The next occupant was listed in the Wales register and guide 1878, Mrs Simms, Wynnstay House, I King Street, Young  Ladies Boarding and Day School.   

Anne Shore had been born in Liverpool about 1831, her father was William Shore, a joiner from Overton,  her mother Margaret was from Liverpool. By 1851 William had retired and  was living in Rhosddu with his family.  

Annie`s husband Edward Bishop Simms was a Professor of Music from Birmingham.  Edward was already in Wrexham  when in 1854 this advert was published. His brother had been the organist at St Giles  and after his death Edward Bishop replaced him.  

MR. SIMMS, Organist Of Wrexham Church, And Professor of Music at the College, Chester, BEGS to acquaint his pupils and the public generally that he will resume his professional duties  on Tuesday, the 1st of August. Communications may be addressed to him at his residence, 7, King Street, Wrexham. 

Annie and Edward married in January 1861, it was a double wedding as her sister Jane  married at the same time. Their father was the late William Shore of Rhosddu Cottage.   

William and Annie at least 3 children, Edward Henry, Annie Laura and William Leonard who died aged 8 .  

They were living in Rhosddu in 1871, but as we know had moved to King Street by 1878 and still there in 1887. They left Wynnstay House / Place and moved to Chester Street where Annie died in October 1890.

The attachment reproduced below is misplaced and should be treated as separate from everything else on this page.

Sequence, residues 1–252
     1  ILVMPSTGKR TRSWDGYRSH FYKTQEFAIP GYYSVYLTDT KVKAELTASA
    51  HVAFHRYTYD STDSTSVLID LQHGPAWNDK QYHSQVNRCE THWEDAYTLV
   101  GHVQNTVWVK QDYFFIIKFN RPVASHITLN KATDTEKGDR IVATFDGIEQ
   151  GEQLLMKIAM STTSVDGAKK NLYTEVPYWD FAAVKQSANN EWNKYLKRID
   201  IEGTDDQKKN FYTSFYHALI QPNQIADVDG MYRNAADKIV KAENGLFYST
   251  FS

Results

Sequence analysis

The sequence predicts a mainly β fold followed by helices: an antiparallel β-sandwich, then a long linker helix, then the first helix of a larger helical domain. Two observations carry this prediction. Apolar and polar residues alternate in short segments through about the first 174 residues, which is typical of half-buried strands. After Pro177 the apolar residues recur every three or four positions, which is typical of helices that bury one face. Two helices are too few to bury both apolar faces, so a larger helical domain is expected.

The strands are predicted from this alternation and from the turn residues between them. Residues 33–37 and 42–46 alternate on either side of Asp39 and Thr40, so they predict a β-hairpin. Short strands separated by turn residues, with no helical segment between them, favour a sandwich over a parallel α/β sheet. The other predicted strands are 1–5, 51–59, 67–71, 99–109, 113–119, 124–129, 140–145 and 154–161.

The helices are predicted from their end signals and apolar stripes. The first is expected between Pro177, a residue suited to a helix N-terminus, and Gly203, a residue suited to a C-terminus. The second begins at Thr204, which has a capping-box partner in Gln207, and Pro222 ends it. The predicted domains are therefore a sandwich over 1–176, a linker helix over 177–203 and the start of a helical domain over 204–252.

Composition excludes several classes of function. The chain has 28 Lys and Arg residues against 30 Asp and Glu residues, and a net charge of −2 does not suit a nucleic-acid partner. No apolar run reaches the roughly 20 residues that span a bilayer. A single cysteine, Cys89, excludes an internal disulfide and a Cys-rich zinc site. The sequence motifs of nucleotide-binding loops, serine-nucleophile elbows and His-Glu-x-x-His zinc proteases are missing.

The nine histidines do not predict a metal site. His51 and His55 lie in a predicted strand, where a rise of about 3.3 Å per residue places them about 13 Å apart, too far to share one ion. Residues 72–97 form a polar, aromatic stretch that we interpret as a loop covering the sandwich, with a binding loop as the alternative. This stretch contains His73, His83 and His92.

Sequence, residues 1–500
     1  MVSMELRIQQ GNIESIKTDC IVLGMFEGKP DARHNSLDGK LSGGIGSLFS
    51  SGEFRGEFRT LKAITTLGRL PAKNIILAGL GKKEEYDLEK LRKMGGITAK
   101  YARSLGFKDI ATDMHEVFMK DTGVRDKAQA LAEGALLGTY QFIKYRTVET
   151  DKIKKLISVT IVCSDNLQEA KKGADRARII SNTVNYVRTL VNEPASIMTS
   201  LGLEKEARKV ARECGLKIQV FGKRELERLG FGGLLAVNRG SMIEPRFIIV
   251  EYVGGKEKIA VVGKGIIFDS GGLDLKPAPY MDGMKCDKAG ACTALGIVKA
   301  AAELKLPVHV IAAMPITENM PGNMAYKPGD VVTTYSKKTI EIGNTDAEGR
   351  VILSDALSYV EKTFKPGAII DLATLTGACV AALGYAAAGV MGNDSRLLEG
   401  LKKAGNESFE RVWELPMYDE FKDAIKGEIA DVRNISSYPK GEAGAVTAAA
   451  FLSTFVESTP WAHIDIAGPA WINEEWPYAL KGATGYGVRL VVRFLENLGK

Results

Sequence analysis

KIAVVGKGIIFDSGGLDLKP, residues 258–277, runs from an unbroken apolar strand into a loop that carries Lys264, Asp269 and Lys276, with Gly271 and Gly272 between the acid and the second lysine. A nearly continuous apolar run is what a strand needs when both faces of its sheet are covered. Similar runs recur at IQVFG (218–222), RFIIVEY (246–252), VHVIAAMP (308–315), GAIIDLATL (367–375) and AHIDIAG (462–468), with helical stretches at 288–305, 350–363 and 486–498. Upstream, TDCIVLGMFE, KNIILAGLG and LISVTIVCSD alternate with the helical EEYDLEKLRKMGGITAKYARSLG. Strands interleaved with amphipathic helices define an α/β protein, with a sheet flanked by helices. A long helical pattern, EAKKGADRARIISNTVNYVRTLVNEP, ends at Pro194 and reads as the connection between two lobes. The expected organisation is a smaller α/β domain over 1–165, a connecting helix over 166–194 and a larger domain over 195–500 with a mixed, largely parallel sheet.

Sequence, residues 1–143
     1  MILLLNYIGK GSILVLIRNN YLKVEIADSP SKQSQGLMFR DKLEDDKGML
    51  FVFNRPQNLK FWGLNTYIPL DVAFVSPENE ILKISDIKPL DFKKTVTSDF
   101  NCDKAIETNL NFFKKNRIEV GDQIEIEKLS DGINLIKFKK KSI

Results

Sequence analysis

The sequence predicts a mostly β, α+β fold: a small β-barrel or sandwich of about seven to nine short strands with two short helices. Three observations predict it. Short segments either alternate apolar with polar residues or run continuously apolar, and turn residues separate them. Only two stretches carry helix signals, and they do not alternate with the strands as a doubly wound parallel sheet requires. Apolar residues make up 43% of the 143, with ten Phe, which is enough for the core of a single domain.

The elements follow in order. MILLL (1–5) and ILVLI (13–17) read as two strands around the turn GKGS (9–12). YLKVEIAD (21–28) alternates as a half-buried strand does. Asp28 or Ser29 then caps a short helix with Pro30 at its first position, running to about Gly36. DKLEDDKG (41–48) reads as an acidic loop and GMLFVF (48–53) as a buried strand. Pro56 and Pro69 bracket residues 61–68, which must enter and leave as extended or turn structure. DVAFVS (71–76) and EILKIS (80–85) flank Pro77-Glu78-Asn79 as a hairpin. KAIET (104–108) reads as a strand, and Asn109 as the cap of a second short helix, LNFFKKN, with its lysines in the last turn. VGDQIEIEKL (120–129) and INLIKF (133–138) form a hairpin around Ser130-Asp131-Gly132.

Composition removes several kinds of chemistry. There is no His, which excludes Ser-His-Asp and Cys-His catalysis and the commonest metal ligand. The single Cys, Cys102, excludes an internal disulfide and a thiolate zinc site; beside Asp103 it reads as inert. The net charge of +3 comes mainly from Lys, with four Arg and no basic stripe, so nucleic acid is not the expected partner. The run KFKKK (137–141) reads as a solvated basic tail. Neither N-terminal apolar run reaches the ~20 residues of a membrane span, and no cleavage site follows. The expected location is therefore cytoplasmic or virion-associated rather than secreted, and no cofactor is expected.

We regret to record the death of Mrs Simms, wife of Mr E. B. Simms, organist of the Parish church, who died on Friday, October 3rd, at the age of 60. It is well-known that the deceased lady devoted many years to scholastic work, and her pupils passed successfully the Oxford and Cambridge local and College of Preceptors examinations. The funeral took place at the Borough Cemetery, on Tuesday. The service in the chapel was read by the Rev. Griffith Williams, of Wrexham, and the service at the grave by the Rev. G. H. Simms, vicar of St. Cyprian’s, Birmingham. 

Edward died in 1913, they are buried together in Wrexham Cemetery. 



PRINCIPAL – MISS PIERCE, Trained, holding 1st Class Government. Dioceaan, and other Certificates assisted by Professors And Resident Foreign Governesses. Next Term wi!I commence January 20th, 1891.  

Who was Miss Pierce?  In the 1891 census at 1 King Street was William Pierce, a cabinet maker, wife Mary and their 4 daughters who all had been born in Wrexham.  

Annie 34 was a school governess and her younger sisters Margaret,  Elsie and Ella were  teachers. Caroline Graf was a teacher of French and had been born in Switzerland. There were 4 pupil boarders, a cook and a servant. Annie`s full name was Julia Annie and at the age of 24 she was already a certified schoolmistress.  William and Mary’s eldest son was James Hopley Pierce, who became a well known solicitor in the town.  

In 1895 the name of the school had changed. 

The Wrexham High School For Girls. 1, King Street, Wrexham, Principal— Miss Pierce. Next term commences January 23rd